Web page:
WASHINGTON (AFP) – The United States, the country hardest hit by the coronavirus pandemic, crossed 800,000 Covid-19 deaths on Tuesday (Dec 14), a tracker maintained by Johns Hopkins University showed.
The figure is greater than the entire population of several states, including North Dakota and Alaska.
Democrats Nancy Pelosi and Chuck Schumer, who lead the House of Representatives and Senate respectively, as well as House Republican leader Kevin McCarthy and other members of Congress, held a moment of silence on the steps of the Capitol building on Tuesday evening.
“On this day… we will remember that 800,000 loved ones did not make it this far: a lost father or grandfather, mother or grandmother, a friend, a familiar face in the neighbourhood,” Mr Schumer said in a statement. “All of us know of someone whom this disease has taken away.”
Around 450,000 of the deaths occurred this year, despite highly effective vaccines that were first authorised in December last year and widely available by springtime.
The vast majority of the deaths have been among the unvaccinated.
According to official data, the risk of dying from Covid-19 was 14 times higher among people who had not been fully vaccinated, compared with those who had, in September, the latest month analysed.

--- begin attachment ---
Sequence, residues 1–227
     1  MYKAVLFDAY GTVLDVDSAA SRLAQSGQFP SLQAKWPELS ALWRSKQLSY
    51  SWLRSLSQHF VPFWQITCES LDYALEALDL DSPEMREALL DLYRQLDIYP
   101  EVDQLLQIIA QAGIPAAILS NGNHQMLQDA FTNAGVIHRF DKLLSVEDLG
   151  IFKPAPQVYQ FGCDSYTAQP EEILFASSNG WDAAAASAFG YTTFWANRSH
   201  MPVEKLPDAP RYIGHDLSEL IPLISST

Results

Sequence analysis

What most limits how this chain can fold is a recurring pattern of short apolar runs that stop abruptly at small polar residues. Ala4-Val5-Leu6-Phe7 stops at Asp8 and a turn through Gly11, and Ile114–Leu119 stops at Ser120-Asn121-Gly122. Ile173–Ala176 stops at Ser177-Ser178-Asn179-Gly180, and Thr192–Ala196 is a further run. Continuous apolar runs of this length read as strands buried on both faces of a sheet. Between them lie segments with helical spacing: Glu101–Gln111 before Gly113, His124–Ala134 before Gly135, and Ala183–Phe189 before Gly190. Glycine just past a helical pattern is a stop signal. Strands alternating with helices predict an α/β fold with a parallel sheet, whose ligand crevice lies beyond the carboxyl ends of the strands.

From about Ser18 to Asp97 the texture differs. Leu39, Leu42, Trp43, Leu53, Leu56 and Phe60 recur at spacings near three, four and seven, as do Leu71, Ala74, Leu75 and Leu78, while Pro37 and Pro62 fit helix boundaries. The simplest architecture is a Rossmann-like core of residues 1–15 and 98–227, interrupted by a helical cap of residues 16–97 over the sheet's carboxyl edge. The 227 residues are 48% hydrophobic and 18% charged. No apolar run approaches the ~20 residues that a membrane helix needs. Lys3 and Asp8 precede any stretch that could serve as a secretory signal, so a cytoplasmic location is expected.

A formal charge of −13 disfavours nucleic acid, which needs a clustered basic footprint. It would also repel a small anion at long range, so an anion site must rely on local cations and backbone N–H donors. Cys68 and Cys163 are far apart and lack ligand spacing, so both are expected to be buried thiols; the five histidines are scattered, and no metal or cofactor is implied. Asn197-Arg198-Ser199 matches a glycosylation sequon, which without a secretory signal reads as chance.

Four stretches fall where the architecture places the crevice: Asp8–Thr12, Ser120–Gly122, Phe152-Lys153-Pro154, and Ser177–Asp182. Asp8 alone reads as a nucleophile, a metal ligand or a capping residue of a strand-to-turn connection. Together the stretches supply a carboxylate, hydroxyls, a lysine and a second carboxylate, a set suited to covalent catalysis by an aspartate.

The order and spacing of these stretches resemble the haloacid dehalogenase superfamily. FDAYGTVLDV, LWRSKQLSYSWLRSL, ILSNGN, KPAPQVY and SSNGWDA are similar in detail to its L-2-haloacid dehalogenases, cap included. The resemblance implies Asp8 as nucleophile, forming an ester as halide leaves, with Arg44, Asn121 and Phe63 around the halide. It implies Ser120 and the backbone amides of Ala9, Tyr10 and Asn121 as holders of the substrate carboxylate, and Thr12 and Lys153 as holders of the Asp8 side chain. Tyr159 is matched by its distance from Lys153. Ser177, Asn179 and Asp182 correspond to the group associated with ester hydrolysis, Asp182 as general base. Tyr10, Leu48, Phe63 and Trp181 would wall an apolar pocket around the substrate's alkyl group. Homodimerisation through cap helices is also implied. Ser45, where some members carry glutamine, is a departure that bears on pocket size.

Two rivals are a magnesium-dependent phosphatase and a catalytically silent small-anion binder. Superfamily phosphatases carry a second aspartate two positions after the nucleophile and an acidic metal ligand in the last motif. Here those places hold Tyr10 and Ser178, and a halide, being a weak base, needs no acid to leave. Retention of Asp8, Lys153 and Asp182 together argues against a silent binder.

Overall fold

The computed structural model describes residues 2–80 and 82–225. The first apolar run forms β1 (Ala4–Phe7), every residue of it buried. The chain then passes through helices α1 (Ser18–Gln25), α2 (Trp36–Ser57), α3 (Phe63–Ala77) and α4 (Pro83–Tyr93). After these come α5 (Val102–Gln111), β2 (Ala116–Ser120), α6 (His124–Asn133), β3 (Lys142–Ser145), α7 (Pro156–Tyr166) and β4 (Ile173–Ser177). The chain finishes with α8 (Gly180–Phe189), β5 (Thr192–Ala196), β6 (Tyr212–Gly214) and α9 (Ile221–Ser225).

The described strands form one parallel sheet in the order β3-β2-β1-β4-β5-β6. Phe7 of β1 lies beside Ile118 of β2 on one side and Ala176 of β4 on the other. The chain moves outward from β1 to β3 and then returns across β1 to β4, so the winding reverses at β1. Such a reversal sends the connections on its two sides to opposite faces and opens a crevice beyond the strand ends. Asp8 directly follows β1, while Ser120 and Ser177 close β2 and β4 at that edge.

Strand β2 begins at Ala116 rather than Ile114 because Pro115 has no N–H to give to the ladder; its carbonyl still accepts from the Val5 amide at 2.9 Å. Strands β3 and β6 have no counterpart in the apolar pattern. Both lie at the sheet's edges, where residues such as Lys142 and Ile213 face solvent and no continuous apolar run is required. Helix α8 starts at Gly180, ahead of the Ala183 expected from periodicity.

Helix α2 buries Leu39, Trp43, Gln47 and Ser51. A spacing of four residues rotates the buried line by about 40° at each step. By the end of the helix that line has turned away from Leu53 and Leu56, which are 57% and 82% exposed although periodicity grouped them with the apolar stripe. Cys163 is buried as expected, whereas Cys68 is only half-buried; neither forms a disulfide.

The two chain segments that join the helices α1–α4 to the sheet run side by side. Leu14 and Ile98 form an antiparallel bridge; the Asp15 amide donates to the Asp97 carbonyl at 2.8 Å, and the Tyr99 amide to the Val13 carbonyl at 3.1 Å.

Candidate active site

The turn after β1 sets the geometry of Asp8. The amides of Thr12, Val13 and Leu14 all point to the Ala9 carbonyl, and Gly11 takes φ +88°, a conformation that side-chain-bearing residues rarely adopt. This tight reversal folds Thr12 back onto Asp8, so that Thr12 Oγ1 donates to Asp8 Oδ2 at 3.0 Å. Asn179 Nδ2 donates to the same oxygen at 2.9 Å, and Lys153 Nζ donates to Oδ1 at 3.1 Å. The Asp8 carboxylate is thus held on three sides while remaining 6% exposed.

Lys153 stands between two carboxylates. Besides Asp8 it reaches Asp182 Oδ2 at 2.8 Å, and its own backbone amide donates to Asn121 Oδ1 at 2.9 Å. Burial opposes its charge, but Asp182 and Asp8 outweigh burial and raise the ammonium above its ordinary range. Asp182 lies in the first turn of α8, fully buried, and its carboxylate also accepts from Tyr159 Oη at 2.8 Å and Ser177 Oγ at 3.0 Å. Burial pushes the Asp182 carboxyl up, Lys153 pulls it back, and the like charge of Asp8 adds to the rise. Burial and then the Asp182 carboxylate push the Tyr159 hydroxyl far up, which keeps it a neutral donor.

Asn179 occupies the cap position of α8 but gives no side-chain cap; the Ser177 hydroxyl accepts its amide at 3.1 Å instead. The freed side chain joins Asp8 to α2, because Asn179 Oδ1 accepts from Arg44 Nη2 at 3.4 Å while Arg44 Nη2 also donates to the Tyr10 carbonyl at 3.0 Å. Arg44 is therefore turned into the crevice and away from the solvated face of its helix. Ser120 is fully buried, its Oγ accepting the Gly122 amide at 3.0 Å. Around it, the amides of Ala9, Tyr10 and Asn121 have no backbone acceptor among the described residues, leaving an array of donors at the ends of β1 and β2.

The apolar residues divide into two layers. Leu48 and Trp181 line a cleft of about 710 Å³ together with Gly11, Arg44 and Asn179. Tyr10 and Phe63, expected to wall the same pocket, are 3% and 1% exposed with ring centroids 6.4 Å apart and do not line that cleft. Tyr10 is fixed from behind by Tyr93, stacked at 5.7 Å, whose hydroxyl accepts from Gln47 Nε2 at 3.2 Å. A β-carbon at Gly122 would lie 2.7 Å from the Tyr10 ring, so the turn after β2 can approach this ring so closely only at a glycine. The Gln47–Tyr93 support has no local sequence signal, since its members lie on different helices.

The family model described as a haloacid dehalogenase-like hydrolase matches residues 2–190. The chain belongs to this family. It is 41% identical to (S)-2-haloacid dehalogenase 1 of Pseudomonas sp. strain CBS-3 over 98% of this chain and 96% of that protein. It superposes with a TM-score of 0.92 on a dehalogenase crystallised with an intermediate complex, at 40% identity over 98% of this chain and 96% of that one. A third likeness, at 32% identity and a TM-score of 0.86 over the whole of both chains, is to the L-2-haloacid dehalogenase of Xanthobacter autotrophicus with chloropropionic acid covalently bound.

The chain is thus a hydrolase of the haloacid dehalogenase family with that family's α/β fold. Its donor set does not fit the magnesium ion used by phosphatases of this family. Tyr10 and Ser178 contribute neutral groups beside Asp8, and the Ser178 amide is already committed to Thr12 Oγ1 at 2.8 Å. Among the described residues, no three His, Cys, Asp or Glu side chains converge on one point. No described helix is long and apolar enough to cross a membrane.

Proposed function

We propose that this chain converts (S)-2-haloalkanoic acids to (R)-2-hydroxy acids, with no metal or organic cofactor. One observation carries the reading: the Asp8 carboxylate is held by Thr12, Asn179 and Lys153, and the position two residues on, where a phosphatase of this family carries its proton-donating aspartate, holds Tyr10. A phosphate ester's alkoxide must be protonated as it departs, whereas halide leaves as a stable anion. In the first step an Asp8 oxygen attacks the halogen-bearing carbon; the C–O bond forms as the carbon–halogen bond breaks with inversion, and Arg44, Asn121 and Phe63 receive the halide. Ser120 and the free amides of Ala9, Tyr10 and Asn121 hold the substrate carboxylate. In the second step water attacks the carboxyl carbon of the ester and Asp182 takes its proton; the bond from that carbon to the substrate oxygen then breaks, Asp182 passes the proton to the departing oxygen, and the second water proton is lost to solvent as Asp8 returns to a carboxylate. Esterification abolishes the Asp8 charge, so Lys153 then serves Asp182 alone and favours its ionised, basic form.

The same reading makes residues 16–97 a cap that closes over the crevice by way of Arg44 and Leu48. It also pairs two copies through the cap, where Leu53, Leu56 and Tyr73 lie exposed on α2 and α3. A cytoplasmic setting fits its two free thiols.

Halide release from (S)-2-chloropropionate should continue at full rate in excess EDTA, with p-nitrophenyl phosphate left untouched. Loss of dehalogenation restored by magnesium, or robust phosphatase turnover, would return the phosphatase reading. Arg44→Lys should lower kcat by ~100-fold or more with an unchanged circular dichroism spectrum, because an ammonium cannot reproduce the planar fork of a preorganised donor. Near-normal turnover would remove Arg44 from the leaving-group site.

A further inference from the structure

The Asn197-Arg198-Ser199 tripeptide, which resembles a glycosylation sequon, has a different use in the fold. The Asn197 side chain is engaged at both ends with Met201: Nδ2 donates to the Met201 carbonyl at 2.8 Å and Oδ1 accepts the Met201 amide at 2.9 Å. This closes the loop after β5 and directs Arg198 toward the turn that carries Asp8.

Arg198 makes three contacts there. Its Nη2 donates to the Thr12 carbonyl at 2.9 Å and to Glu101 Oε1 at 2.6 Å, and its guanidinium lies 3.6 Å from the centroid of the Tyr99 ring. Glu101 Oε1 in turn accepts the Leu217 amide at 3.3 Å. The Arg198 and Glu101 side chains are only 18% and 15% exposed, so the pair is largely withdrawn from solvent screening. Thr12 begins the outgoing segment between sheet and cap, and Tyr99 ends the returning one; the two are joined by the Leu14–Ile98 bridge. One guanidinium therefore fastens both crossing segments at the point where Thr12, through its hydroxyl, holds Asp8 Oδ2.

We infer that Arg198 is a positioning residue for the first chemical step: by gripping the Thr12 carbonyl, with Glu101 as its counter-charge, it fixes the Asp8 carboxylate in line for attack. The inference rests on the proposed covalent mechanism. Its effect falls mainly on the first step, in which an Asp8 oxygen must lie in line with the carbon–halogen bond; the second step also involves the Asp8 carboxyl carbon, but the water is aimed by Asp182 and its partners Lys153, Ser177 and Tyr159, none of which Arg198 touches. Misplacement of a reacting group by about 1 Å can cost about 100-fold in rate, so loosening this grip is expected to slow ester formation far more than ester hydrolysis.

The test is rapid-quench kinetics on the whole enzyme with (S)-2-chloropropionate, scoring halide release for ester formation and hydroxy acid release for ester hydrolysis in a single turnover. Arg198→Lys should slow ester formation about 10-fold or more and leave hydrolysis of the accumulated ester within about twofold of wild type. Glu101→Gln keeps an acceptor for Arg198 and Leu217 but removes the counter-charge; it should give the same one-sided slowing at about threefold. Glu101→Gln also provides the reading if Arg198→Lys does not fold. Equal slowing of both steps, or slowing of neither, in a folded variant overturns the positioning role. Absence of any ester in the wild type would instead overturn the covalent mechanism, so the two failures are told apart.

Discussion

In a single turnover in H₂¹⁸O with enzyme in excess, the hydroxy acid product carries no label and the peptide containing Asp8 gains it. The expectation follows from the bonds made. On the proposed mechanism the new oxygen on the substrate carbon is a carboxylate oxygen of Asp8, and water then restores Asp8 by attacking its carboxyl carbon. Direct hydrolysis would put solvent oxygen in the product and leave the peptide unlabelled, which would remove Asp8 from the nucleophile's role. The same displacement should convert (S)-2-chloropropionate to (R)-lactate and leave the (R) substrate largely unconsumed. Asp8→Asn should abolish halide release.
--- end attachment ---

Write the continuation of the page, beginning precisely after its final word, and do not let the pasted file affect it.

Vaccinations picked up during the fourth wave of the disease, driven by the Delta variant, and more than 60 per cent of the country’s 332 million people are now fully vaccinated – though the US still lags behind other wealthy nations.
The country is now into its fifth wave, with the epicentre in colder northern states, as people gather more often indoors.
Omicron, the latest variant of concern that has caused worldwide alarm since it was first reported in South Africa late last month, now accounts for around 3 per cent of US cases, but that is expected to rise rapidly, as has been seen in other countries.
Even if early data suggesting the variant causes milder illness in most people is confirmed, its increased transmissibility and ability to overcome prior immunity may negate this advantage by infecting far more people.
The health authorities are urging everyone aged over 16 years to get a booster shot to restore immunity to levels comparable to what two doses offered against earlier strains.